Up to two decades before the characteristic symptoms of memory loss and confusion appear, amyloid beta protein begins to collect into plaques in the brain.

Tangles of tau appear later, followed by atrophy of key brain areas. Only then do people start showing unmistakable signs of cognitive decline.

The challenge is finding people on track to develop Alzheimer’s before such brain changes undermine their ability to think clearly. For that, sleep may be a handy marker.

To better understand the link between sleep and Alzheimer’s disease, Lucey, along with David Holtzman, a professor at Washington University, and colleagues studied 119 people 60 years of age or older.

Most — 80 per cent — were cognitively normal, and the remaining were very mildly impaired.

The researchers monitored the participants’ sleep at home over the course of a normal week.

Participants were given a portable EEG monitor that strapped to their foreheads to measure their brain waves as they slept, as well as a wristwatch-like sensor that tracks body movement.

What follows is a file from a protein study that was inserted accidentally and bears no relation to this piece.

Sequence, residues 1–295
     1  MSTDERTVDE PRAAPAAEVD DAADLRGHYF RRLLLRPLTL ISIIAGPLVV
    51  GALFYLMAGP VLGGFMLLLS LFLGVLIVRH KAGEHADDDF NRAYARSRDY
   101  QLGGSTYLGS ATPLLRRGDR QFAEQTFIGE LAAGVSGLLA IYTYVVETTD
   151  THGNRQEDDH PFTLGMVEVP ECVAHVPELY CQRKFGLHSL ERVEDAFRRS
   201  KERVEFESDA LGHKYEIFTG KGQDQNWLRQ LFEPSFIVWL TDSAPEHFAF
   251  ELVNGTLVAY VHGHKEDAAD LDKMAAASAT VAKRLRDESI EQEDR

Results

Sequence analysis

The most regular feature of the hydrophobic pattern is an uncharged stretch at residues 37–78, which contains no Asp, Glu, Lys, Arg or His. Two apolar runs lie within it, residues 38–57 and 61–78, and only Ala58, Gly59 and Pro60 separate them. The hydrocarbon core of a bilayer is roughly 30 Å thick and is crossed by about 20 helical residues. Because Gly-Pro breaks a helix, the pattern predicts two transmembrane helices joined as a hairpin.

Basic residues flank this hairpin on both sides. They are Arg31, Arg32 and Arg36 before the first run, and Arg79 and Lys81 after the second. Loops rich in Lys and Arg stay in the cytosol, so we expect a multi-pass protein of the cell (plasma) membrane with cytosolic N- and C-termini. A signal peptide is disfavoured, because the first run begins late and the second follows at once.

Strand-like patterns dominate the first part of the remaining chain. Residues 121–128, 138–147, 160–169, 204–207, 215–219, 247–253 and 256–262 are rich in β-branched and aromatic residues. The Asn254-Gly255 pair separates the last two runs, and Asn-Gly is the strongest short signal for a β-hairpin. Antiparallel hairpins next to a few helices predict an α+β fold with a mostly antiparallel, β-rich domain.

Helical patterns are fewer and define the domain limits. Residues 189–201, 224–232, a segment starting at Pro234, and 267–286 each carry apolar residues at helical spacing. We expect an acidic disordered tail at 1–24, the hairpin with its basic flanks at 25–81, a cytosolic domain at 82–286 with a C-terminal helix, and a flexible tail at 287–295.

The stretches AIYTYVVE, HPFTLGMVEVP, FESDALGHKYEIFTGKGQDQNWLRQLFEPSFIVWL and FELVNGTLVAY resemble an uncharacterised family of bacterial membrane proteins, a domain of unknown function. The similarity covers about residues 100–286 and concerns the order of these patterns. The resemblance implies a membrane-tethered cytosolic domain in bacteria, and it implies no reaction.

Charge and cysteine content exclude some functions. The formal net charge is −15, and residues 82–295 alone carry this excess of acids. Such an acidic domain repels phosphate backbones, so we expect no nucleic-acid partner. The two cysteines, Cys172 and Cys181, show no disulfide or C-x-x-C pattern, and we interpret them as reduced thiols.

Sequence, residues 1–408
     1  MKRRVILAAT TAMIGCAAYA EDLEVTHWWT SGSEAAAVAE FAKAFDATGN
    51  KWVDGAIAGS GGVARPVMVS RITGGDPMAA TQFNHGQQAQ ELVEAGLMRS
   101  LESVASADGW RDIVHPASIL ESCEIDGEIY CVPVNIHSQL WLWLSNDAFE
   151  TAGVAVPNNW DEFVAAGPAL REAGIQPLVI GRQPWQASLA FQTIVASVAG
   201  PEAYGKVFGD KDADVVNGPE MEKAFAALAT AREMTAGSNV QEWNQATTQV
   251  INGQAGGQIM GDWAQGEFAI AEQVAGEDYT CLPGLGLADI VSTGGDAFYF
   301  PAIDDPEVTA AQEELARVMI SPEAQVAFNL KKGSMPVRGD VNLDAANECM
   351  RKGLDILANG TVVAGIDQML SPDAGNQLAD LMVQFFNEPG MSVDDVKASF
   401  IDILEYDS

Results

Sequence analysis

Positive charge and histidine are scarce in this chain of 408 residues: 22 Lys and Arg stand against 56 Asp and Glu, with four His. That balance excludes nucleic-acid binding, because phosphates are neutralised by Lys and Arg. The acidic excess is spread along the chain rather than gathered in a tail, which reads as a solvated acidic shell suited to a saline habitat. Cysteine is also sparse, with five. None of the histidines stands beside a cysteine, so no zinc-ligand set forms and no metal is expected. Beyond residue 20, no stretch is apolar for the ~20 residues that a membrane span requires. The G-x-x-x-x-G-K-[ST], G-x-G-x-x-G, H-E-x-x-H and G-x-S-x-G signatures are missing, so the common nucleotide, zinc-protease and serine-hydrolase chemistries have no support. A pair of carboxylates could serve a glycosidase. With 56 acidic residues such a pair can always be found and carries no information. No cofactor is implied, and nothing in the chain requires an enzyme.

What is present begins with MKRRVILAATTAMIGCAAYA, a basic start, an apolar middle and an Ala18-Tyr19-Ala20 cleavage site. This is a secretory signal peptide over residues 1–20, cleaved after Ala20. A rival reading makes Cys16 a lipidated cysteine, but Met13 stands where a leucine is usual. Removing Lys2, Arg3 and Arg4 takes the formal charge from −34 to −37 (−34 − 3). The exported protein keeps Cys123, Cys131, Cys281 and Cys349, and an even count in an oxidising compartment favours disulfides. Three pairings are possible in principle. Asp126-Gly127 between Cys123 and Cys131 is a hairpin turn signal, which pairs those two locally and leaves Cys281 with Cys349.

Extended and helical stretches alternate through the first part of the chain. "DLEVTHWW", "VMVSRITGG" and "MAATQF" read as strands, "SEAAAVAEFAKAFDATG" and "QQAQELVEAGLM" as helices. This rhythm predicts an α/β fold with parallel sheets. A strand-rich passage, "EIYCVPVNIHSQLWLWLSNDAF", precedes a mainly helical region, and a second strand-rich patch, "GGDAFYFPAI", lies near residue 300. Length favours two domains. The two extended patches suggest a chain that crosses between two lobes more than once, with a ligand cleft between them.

They also kept sleep logs, where they made note of both nighttime sleep sessions and daytime napping. Each participant produced at least two nights of data; some had as many as six.

The researchers also measured levels of amyloid beta and tau in the brain and in the cerebrospinal fluid that bathes the brain and spinal cord.

Thirty-eight people underwent PET brain scans for the two proteins, and 104 people underwent spinal taps to provide cerebrospinal fluid for analysis. Twenty-seven did both.

After controlling for factors such as sex, age and movements while sleeping, the researchers found that decreased slow-wave sleep coincided with higher levels of tau in the brain and a higher tau-to-amyloid ratio in the cerebrospinal fluid.

“The key is that it wasn’t the total amount of sleep that was linked to tau, it was the slow-wave sleep, which reflects quality of sleep,” Lucey said.

“The people with increased tau pathology were actually sleeping more at night and napping more in the day, but they weren’t getting as good quality sleep,” he said.

[“source-“hindustantimes”]

Want A Loan To Study Abroad? SBI Offers Global Ed-Vantage Loan. Details Here

Want A Loan To Study Abroad? SBI Offers Global Ed-Vantage Loan. Details Here

SBI’s Global Ed-Vantage loan amount can be repaid up to maximum of 15 years.